Top 5 Java Performance Metrics, Tips & Tricks
Mobile and web applications play a huge part in our lives today. We use them for work, entertainment and a range of other things. There are millions of mobile apps available and countless more being created every single day. While we appreciate what these apps do for us, many of us don’t realize just how much goes into making and operating them.
Not only when it comes to creating the app, but also monitoring its performance. An app is no good if it performs poorly, so app developers are constantly monitoring performance to ensure it is up to par.
Performance monitoring can be done through a range of different programs or platforms (such as AppOptics), but just what sorts of metrics and analytics should you track? In order to answer that, this article is going to take a closer look at 5 different Java performance metrics you should be tracking and keeping an eye on.
Average Response Time
The average response time of your app refers to how long it takes for the app to process a certain request and return a result. While you want your app to start up quickly, you also want it to load pages and respond to other actions quickly, as well. Unfortunately, a slow load or response time can hurt your business or app in a variety of ways.
This includes lower page views, less conversion and a decrease in customer satisfaction. As a result, it is important to track and monitor load and response times. This will help you make sure they are suitable and if not, will allow you to make the necessary adjustments.
No matter how high quality or well-built your application is, errors can (and likely will) occur. There are a wide range of different issues and errors that arise, and without monitoring them, you may not even know they’re occurring. And once you do find out, they may have already begun to affect the end user. While it is good to know that errors are occurring and what they are, that’s only half the battle.
In addition to simply looking at and monitoring the errors, you should also look to find out how to solve said errors. You need to get information on when they occur, how they occur and what the root causes of the errors were. This is another area where monitoring can help. Because each error will be logged and recorded, you should be able to sense some patterns. This could help you identify causes and make the changes to prevent them in the future.
The Business Metrics
Of course, to most people, creating and operating an app is a business. Because of this, there are many different metrics that are valuable to track. These include things like revenue, how people find you you have and even where customers are interacting within your apps are incredibly important to know. While it is not as technical as some of the other metrics, it is just as important.
The ultimate goal is to make sure users can do what they want on your app. If you notice drops in visitors or revenue, it is clear something about your app isn’t performing like it should. It can also be valuable to compare these metrics to your other (more technical) metrics and see if you notice any patterns or issues that are worth addressing.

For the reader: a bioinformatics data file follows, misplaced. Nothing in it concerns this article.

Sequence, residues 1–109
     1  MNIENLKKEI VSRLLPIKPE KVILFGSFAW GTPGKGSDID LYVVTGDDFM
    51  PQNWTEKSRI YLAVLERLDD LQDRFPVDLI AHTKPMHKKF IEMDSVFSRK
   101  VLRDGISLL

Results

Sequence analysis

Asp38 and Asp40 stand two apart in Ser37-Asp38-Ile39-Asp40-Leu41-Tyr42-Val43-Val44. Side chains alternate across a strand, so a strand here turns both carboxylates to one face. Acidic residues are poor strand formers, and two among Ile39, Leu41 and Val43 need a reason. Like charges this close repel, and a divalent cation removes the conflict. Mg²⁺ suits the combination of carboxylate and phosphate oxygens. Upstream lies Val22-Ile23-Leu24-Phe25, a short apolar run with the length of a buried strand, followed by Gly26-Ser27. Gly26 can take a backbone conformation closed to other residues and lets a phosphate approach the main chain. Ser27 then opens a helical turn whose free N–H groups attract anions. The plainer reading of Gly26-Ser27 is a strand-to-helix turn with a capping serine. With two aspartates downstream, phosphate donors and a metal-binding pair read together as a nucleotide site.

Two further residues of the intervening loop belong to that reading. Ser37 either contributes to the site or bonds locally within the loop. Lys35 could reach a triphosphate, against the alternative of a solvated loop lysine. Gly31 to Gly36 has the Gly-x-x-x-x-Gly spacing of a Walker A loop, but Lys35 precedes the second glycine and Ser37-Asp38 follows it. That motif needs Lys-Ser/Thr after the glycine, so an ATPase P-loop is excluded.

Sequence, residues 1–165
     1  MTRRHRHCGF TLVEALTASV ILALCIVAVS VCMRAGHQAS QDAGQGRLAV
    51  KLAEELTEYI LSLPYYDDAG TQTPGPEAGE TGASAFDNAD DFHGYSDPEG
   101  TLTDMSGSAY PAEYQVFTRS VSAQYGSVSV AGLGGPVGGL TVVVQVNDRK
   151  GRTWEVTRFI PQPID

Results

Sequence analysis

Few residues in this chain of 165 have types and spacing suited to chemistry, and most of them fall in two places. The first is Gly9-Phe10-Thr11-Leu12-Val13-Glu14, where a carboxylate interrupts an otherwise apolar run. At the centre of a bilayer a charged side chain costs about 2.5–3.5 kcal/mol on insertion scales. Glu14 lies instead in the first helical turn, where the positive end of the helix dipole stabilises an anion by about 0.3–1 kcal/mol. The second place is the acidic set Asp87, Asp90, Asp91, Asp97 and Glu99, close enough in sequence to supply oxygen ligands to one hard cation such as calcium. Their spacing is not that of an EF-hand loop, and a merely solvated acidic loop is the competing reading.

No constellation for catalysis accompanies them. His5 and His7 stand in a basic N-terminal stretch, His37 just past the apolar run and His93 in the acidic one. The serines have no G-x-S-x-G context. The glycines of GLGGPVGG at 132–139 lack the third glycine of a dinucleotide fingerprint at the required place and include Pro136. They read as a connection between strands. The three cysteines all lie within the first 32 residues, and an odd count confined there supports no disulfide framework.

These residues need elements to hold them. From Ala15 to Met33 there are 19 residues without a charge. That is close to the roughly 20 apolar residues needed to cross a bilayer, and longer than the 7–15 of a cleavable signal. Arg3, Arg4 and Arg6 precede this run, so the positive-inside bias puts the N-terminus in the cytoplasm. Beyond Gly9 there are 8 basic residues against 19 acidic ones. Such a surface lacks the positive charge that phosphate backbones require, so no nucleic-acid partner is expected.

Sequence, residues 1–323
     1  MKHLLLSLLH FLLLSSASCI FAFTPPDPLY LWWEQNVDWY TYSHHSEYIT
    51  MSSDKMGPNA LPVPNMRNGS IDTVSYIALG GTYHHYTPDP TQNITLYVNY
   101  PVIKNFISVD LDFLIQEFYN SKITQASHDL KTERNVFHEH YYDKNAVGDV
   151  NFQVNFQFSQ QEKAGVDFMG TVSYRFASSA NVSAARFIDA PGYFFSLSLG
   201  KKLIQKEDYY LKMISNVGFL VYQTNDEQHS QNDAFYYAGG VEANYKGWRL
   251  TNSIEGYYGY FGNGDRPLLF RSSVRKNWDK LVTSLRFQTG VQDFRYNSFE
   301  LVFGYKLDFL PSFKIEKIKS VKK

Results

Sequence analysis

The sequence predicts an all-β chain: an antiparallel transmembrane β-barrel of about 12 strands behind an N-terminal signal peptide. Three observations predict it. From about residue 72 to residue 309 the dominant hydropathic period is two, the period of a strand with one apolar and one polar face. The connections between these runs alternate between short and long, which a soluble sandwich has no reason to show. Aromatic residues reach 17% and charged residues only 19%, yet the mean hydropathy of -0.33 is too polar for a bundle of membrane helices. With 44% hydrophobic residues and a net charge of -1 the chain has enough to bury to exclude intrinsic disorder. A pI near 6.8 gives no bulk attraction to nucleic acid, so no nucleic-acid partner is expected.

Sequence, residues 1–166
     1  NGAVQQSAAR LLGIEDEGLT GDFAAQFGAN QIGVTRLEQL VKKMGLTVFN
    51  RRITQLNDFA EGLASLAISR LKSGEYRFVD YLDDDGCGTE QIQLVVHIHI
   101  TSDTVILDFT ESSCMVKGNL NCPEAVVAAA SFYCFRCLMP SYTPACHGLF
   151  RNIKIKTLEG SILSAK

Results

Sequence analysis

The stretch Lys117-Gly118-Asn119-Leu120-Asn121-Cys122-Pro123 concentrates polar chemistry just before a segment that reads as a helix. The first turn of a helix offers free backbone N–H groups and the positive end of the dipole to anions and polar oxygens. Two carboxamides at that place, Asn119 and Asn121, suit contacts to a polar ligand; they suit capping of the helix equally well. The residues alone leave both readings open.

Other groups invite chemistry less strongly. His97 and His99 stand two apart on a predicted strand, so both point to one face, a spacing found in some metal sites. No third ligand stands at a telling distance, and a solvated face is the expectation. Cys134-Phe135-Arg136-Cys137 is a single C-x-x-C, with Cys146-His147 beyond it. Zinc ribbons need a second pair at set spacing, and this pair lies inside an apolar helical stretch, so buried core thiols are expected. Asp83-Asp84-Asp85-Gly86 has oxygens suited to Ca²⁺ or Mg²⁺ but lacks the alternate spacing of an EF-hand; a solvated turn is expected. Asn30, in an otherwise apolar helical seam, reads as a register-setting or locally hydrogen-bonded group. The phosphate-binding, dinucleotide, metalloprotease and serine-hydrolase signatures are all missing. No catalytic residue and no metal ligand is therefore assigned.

One of the best features that Java has had since it was first released is garbage collection. Garbage collection is a feature that allows Java applications to perform automatic management of memory. Instead of having to manually delete an object once your finished with it, you simply need to delete the reference and garbage collection will take care of the rest.
Unfortunately, this helpful feature can sometimes be accompanied by a lengthy and annoying process. These processes can use up a lot of your CPU and this can be a hidden cause of any performance issues you are experiencing. As a result, it is a good idea to track these garbage collection processes to ensure they don’t have anything to do with your issues. Also, this process and feature will be different for everyone, so you need to be able to understand how the feature works for you, and be able to design it correctly.
Of course, it is also a good idea to track how many people are visiting your app and how much traffic you have. Your app may perform differently if you have a lot or few visitors. Understanding how many visitors you have or will have can have a big impact on the success or failure of your app. You want an app that can scale with size and a major part of being able to scale is knowing how many users you need to be able to accommodate.
This is also good for knowing when your app spikes in traffic and if there are any periods where there is less people. Knowing how many people are using your app or trying to use it can also help you plan for the future. Depending on how many people you have (or expect to have based on past metrics) you may need to tune things like memory or even the code itself.
In conclusion, hopefully this article has been able to help you learn a little more about Java performance metrics you should be tracking.